five major urban areas (i.e. Cork, Dublin, Galway, Limerick and
Attachments must be presented in one of the supported prescribed
electronic formats. Where it is the intention to subsequently publish
attachments on the Web consideration should be given to having those
documents Web enabled prior to submission to Cabinet. This would
facilitate online navigation of those attachments.
3.6 Memoranda concerning International Agreements
Memoranda relating to the signature, ratification etc., of International
Agreements, etc. (other than International Labour Organisation
Conventions) should be submitted by the Minister for Foreign Affairs,
acting on behalf of the Minister primarily concerned.
The requirements in relation to memoranda generally, including that of
adequate prior consultation with concerned Departments and the Office
of the Attorney General, apply to these memoranda also.
3.7 Memoranda concerning Annual Reports and Accounts
The aim should be to have these submitted to the Government (prior to
presentation to the Houses of the Oireachtas) within six months after
the end of the year to which they relate, where a shorter period is not
specified by statute.
To facilitate orderly publication of Annual Reports, particularly at times
when a substantial number of them are presented to Government, the
Government Press Office should be consulted before a date for
publication is arranged.
In the case of Reports and/or Accounts to be presented to the Houses
of the Oireachtas by the Government, six extra copies should be
forwarded to the Government Secretariat. It is unnecessary to await the
availability of printed copies of Reports or Accounts if a delay is likely to
occur. (Note this only happens in relation to the White Book on
Receipts and Expenditure.)
Note: The following instructions do not apply to estimates, budgetary policy
and financial policy memoranda nor to memoranda on pay submitted
by the Minister for Finance.
3.8 Consultation with Ministers directly concerned
Any Minister with a functional interest in a proposal being submitted to
Government must be given an opportunity to express views on it.
Where they are not accepted by the promoting Minister, they should be
referenced and addressed in the memorandum by the promoting
3.9 Consultation with Departments of the Taoiseach and Finance and
the Office of the Attorney General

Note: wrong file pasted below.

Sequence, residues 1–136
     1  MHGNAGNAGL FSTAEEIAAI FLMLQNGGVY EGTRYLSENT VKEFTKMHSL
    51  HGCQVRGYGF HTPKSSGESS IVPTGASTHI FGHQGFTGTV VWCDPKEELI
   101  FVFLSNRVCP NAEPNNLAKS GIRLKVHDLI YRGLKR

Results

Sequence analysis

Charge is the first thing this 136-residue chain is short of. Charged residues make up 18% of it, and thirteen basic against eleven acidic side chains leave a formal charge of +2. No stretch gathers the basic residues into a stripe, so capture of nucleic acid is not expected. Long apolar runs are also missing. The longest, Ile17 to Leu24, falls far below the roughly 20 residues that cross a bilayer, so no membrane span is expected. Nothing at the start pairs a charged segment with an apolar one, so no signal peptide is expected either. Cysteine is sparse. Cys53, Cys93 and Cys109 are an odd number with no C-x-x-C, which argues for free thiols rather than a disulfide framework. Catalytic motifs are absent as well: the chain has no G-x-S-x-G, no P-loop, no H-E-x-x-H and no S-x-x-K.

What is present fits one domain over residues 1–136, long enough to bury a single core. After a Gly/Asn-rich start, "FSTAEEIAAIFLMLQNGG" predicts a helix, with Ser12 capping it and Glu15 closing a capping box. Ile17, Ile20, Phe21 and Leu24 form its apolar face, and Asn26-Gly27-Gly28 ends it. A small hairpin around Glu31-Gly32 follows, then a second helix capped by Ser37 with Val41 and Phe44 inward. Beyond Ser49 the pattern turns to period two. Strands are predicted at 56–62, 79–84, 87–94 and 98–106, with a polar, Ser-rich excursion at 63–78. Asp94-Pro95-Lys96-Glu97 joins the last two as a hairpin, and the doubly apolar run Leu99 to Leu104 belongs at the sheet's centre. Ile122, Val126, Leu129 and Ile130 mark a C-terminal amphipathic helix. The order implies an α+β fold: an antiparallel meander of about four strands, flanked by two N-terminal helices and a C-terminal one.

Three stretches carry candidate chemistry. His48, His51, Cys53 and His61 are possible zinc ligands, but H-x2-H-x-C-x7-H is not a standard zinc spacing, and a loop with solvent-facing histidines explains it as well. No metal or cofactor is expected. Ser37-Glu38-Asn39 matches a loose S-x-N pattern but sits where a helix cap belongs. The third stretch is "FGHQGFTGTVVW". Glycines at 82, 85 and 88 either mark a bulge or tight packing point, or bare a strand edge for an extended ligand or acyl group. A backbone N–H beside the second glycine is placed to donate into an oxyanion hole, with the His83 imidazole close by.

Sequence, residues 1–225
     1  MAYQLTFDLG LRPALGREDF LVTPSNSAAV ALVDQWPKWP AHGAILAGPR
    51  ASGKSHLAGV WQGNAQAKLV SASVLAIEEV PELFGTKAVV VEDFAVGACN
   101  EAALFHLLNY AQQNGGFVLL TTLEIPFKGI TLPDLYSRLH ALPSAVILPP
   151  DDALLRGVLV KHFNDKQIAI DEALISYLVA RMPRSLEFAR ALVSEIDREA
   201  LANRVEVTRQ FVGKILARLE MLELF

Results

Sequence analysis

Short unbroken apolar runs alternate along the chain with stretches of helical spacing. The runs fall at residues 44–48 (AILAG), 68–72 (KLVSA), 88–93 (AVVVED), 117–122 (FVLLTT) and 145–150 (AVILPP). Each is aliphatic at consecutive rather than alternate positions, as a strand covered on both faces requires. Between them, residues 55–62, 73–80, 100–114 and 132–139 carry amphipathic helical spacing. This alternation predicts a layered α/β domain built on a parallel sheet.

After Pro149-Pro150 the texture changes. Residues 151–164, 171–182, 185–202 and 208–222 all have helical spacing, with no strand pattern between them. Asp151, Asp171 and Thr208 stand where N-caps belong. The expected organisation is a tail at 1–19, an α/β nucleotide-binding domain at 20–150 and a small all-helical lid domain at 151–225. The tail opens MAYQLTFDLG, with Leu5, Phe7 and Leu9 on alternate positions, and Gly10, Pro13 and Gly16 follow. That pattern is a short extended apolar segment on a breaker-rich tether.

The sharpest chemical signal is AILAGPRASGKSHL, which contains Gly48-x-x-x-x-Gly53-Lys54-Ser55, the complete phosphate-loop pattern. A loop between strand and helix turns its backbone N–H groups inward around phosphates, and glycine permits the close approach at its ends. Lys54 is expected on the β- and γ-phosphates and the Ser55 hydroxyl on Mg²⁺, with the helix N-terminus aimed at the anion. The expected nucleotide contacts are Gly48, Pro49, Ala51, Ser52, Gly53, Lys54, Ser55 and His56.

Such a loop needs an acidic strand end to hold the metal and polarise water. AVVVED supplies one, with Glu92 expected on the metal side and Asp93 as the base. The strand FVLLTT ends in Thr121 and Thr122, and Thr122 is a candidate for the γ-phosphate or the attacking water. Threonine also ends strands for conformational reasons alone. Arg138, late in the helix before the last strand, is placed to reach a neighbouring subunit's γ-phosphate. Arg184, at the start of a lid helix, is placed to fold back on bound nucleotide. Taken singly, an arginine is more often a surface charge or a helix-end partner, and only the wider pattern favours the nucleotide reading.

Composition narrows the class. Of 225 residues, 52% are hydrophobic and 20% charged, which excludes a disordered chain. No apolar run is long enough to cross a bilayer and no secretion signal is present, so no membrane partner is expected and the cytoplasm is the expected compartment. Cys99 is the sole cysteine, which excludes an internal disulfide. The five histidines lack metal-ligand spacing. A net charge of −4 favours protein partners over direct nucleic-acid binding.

In respect of any proposal for the Government of a policy nature, the
Departments of the Taoiseach and of Finance should be consulted
when the memorandum is being drafted. The offices of all Party
Leaders in a Partnership Government should also be consulted.
The Office of the Attorney General should be consulted if the proposals
involve any substantive constitutional or legal dimension.
If, however, legal advice is required from the Office of the Attorney
General in relation to the proposal, that advice should be sought and
addressed in the draft memorandum in advance of its circulation for
Legal advice obtained from the Office of the Attorney General, where
relevant, should be incorporated into the draft memorandum.
A memorandum that raises legal or constitutional issues, where no
advice from the Office of the Attorney General has been obtained, and
where no or insufficient time for consideration of the Memorandum has
been afforded to the Office of the Attorney General, may be withdrawn
from the Agenda on the instructions of the Taoiseach following
consultation with the Attorney General.
3.10 Circulation to other Ministers
If a draft memorandum is likely to be of interest to Ministers generally -
apart from their purely Departmental responsibilities - all other
members of the Government may be furnished with the memorandum.
There is no need, however, to delay the submission of a memorandum
to Government for the views of Ministers who do not have a
Departmental interest in its subject matter.
3.11 Time-Limit for receipt of observations
Except in the case of complex issues, Departments might reasonably
be requested to provide observations on draft memoranda within two
weeks (10 working days) of receipt.
Departments should not be asked to provide observations within
a shorter time unless it is absolutely essential and, even then, the
maximum time possible should be allowed.
See Chapter 4 for separate requirements in relation to memoranda
proposing the drafting of legislation.
3.12 If a Minister is satisfied that unreasonable delay has taken place in the
provision of observations by a Department,
a) he/she should contact the Minister in charge of that Department,
b) if the delay continues, the promoting Department should inform
the Secretary General to the Government, and
c) the Secretary General to the Government will seek an
appropriate direction from the Taoiseach.
3.13 See paragraph 4.6 in relation to draft memoranda with proposals for
3.14 Distinguishing between Ministerial and Departmental views
If, for any reason, the Minister has not been able to approve
Departmental views either specifically, or by way of general directions,
in time for their incorporation in the memorandum, the views should be
clearly identified as being those of the Department.
RECONCILIATION OF DIFFERENCES
3.15 Need to seek prior agreement
To avoid wasting the time of Government in seeking to establish
facts or reconcile differences, Departments should evaluate arguments